Last year marked the return to theatrical moviegoing for many people – masked, trepidatious moviegoing in search of a return to some kind of normalcy. With it came a handful of bold, visceral, compelling films, both mainstream and obscure, from all corners of the globe. If it seemed like 2021 was a strong year for movies, maybe that's just because it was a thrill to visit cinema once more on the big screen, where it belongs. Even so, what a relief to experience trauma and heartache (and joy and beauty) vicariously in movies instead of in real life, though as we all know, there's still plenty of that raging in the world around us.
You would think that a global pandemic and semi-enforced quarantine would be an ideal time to watch a few movies a day and devote one's time to creative pursuits (like, for example, posting more frequently on a blog that's been dormant for over a year). Many people said as much in the early days of COVID: now, at least, I can finish all those projects that have been sitting on the back-burner, left unfinished due to a lack of time and mental energy.
Reality left a lot to be desired in 2019, with the turbulence of our time begging for some kind of cinematic reckoning. Many of the most vital and sobering images of the year were replayed by news outlets or posted on social media: footage of mass shootings senselessly repeated, tyrants and politicians speechifying to no end, Notre Dame going up in flames, Sri Lanka and Syria besieged by violence. Then, of course, there were sporadic stories of inspiration, heroes to look up to outside of fiction, like Megan Rapinoe and Greta Thunberg.
With the summer of 2019 firmly in the rearview and a slew of anticipated films coming up this fall, it seems like an apt time to catch up with the most acclaimed, provocative, or notable films of the past few months. The state of theatrical moviegoing may be in flux and the cultural discourse surrounding cinema isn't what it used to be (unless the film in question is a three-hour superhero epic); but still, it's refreshing to know that some movies can engender some kind of heated debate.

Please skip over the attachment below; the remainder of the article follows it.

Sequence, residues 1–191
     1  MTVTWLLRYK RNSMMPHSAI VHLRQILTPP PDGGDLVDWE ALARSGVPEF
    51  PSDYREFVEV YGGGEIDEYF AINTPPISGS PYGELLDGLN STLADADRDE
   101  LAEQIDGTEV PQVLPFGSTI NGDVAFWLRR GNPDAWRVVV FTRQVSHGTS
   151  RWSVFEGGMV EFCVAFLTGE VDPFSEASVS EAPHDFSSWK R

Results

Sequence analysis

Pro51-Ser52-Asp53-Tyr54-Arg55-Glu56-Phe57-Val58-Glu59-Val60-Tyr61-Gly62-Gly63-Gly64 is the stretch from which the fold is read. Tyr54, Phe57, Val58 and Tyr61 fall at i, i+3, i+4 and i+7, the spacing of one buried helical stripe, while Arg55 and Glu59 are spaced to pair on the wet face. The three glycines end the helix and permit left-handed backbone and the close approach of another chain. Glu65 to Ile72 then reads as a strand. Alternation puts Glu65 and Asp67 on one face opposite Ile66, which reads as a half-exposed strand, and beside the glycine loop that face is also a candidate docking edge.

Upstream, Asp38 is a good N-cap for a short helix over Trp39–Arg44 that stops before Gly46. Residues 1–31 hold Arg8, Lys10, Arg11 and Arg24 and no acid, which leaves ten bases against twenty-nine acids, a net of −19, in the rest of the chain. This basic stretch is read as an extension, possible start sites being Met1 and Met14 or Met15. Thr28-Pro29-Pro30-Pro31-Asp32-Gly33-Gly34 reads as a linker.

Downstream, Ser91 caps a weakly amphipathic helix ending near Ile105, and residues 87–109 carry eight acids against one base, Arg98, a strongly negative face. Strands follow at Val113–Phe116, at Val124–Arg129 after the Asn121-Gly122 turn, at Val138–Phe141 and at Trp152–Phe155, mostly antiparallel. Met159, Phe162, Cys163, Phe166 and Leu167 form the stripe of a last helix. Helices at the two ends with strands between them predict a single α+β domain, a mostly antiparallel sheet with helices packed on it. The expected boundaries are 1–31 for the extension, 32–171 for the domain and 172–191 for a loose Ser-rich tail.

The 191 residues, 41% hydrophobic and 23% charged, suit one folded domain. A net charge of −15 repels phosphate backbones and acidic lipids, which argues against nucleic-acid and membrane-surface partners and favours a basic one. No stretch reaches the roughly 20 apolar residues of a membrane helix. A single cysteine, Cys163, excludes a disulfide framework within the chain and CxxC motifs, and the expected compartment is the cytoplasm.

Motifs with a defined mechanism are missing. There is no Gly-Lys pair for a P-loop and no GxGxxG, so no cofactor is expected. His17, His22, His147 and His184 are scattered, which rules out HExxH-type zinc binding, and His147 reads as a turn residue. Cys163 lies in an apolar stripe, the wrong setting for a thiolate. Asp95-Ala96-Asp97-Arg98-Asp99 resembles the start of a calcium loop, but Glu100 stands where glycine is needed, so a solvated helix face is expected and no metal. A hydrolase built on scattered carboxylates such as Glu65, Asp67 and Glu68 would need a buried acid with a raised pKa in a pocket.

Back in the summer of 2007, a friend and I rented a couple movies: the Chris Rock comedy I Think I Love My Wife (which was improbably based on Éric Rohmer's Chloe in the Afternoon) and Abbas Kiarostami's The Wind Will Carry Us. I assumed that the Chris Rock movie would be vastly inferior but, given the narrative propulsion of most Hollywood movies and the charisma of its star, writer, and director, at least entertaining and intermittently funny. I expected the Kiarostami film, meanwhile, to be masterful, majestic, and thought-provoking but occasionally trying on one's patience. These presumptions were the result of the binary ways of thinking that many critics, distributors, and filmmakers have subscribed to over the years: movies are quick and fun and entertaining, films are substantial and artful but slow. I was surprised on that day in 2007 to find that I Think I Love My Wife was interminably dull, filled with desperate jokes and a story that failed to engender any sympathy or interest, while The Wind Will Carry Us was ravishing and riveting, each shot populated with sparks of beauty and uniqueness, all of its 118 minutes stuffed with ideas on technology, communication, the concept of home, what it means to be alive. In short, the Kiarostami film was infinitely more entertaining than the Chris Rock comedy, which was meant almost entirely to provide a fun diversion.
The more things change, the more they stay the same—and nowhere is that axiom truer than in the movies. The early 21st century has seen a radical shift in the way movies are financed, made, and viewed, with digital technologies predominating, home streaming replacing the theatrical experience, and major conglomerates like Netflix and Amazon overtaking the film distribution scene. This isn't a doomsday proclamation: a countless number of fresh and vital films continue to be made each year, although more than ever before, the onus is on audiences to track down high-quality content (and not rely on algorithms to be told what they "might enjoy").